UPDATE (8 p.m.) CNN has called Florida for Clinton and Trump. That’s 99 delegates for Trump, as Florida is a “winner-take-all” state, meaning The Donald now has 568 delegates. Meanwhile, in Ohio:

UPDATE (7:50 p.m.) At this rate, Florida will be the first state out of the five to be ‘called’ tonight, and it increasingly looks like the state will go Trump/Clinton: fl_r fl_d PS: Anyone else remember this? time   UPDATE (7:35 p.m.) CNN exit polls in Ohio show Kasich edging Trump:

UPDATE (7:30 p.m.) Trump is already claiming his adversary Marco Rubio’s home state of Florida:

Early returns show Trump ahead in every region of Florida outside of Rubio’s hometown of Miami. Latest returns show Trump leading Rubio 393,000 votes to 233,000, with 37 percent of the state reporting. Rubio has said he will head to Utah to continue his campaign regardless of Florida’s outcome. UPDATE (7:25 p.m.) Early returns suggest Hillary Clinton could run away with Florida:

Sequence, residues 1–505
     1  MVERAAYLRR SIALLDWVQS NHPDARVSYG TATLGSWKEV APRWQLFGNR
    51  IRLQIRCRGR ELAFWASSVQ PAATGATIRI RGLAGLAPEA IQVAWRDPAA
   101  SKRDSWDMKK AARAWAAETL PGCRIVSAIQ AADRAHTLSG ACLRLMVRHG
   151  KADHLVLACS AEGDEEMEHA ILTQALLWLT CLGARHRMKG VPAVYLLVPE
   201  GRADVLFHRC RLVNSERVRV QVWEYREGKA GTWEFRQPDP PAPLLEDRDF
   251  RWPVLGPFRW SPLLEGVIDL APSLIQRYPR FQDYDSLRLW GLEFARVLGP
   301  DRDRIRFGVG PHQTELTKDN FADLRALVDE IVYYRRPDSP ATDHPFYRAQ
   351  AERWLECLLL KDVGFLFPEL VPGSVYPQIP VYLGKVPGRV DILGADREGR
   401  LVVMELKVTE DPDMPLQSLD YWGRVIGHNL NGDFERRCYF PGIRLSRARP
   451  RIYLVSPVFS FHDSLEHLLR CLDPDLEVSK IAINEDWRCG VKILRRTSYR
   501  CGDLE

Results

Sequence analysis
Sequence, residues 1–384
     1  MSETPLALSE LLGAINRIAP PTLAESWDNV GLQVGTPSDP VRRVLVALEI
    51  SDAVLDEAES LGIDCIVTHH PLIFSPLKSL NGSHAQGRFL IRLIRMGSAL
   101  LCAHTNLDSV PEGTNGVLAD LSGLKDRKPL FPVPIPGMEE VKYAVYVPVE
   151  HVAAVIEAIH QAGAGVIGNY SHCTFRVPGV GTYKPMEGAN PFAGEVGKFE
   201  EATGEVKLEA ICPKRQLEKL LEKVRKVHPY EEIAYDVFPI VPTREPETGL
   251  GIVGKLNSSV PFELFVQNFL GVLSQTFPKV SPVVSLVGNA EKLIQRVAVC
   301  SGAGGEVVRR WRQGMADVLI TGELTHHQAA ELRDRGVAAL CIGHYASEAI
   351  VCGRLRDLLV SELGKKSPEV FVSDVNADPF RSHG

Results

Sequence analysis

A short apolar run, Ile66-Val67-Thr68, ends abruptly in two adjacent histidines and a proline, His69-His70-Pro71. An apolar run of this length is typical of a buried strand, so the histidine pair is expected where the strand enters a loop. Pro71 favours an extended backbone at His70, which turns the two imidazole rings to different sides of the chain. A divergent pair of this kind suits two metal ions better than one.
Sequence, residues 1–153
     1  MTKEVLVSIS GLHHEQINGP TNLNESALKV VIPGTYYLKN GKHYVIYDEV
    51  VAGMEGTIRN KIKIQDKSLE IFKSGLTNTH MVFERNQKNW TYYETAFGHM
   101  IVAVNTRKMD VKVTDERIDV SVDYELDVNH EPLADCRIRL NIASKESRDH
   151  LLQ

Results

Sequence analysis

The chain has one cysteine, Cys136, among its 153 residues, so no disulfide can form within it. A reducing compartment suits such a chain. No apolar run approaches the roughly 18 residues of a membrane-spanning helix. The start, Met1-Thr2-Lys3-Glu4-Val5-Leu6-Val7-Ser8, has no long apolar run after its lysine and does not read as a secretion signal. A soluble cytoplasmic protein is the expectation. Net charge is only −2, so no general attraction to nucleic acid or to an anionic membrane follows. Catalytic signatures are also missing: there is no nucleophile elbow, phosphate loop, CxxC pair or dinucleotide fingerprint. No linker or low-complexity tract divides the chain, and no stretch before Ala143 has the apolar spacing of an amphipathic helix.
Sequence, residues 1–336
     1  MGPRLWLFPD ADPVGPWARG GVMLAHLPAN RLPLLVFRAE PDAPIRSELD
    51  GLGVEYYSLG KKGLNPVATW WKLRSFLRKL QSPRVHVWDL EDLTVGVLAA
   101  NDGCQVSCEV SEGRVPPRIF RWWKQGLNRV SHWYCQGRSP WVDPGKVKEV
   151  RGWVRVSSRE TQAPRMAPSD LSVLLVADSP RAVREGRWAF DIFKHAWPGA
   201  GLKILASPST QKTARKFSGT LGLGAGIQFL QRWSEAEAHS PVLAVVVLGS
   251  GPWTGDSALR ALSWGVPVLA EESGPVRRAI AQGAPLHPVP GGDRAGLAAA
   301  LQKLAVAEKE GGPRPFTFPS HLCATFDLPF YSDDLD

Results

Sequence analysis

UPDATE (7:05 p.m.) Ballot shenanigans again in Florida, home of the infamous dimpled chad of the 2000 presidential election? GOP frontrunner Donald Trump is suspicious:

Trump apparently received word from FOX News’s Jennifer Eckhart:

Florida Secretary of State Ken Detzner says the rumors are unfounded:

UPDATE (6:50 p.m.) Polls haven’t closed yet and former GOP candidate Carly Fiorina is already urging Kasich and Rubio to hang it up:

“John Kasich and Marco Rubio are honorable people and have won honorable campaigns,” Fiorina, a Cruz supporter, told MSNBC. “I very much hope they both will be statesmanlike and exit the race because that’s what it needs to be now.”


At stake tonight — presidential primaries in five states that could likely determine, especially in the Republican Party, whether challengers to the Donald Trump freight train like Ohio Gov. John Kasich and Florida Sen. Marco Rubio will survive. Kasich and Rubio have primaries in their home states. Losses to Trump or even Texas Sen. Ted Cruz in Ohio and Florida could spell the end for Kasich or Rubio.